Study Forensic Science – A Comprehensive Subject Guide

Multidisciplinary forensic science uses science to investigate crimes and offer evidence in court. It aids in criminal investigation, prosecution, and defence, making it vital to the system. Forensic scientists evaluate and interpret crime scene evidence using diverse scientific methodologies. Learn more about pursuing this field at the best UK universities today!

forensic science

Table of Contents

What is Forensic Science?

Forensic science is a multidisciplinary field that involves the application of scientific principles and techniques to solve crimes and provide evidence in legal proceedings. It plays a crucial role in the criminal justice system by assisting in the investigation, prosecution, and defence of criminal cases. Forensic scientists use various scientific methods to analyse and interpret physical evidence from crime scenes.

Why Study Forensic Science?

Studying forensic science offers a unique and rewarding educational path with several compelling reasons to pursue it:

  • Solve Complex Crimes: Forensic science equips individuals with the skills and knowledge to help solve crimes. It allows you to contribute directly to investigations by collecting, analysing, and interpreting physical evidence from crime scenes, ultimately aiding in the pursuit of justice.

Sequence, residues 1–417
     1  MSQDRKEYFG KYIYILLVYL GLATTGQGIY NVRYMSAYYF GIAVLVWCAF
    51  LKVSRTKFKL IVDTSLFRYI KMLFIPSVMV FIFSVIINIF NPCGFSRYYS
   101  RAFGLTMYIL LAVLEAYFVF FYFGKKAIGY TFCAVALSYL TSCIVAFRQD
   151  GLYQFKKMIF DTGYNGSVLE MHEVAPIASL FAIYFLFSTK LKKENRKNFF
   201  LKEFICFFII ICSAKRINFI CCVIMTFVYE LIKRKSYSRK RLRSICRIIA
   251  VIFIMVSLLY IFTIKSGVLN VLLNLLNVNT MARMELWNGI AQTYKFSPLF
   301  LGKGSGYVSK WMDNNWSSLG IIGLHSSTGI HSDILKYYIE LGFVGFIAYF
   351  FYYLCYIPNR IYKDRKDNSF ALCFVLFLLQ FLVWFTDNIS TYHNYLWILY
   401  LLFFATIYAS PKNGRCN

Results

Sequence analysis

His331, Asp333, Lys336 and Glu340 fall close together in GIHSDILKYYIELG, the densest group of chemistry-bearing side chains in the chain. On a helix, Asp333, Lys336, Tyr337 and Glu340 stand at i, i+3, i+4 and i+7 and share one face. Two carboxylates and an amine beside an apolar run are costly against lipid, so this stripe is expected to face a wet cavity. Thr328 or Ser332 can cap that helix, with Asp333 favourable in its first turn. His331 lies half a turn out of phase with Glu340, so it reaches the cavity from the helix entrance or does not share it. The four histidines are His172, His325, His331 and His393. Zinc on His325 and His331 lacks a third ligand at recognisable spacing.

• Multidisciplinary Approach: Forensic science is a multidisciplinary field, drawing on principles from biology, chemistry, physics, and other sciences. This diverse knowledge base allows you to work on a wide range of cases and explore various scientific disciplines.
  • High Demand for Experts: There is a consistent demand for forensic scientists in law enforcement agencies, crime laboratories, and other organisations involved in criminal investigations. Job opportunities in this field are often stable and well-compensated.
  • Make a Difference: Forensic scientists play a vital role in the criminal justice system, helping to exonerate the innocent and bring the guilty to justice. Your work can make a significant impact on society and the lives of individuals affected by crime.
  • Intellectual Challenge: Forensic science involves critical thinking, problem-solving, and the application of scientific principles to real-world situations. It’s intellectually stimulating and offers a constant opportunity for learning and growth.

Best Universities for Forensic Science in the UK

Here is a list of the top UK universities in this field according to the latest Complete University Guide:

1University of Strathclyde
2Robert Gordon University
3University of Kent
4Northumbria University, Newcastle
5Nottingham Trent University
6University of Bradford
7University of Huddersfield
8University of Portsmouth
9Glasgow Caledonian University
10Keele University
11University of Derby
12Kingston University
13Bristol, University of the West of England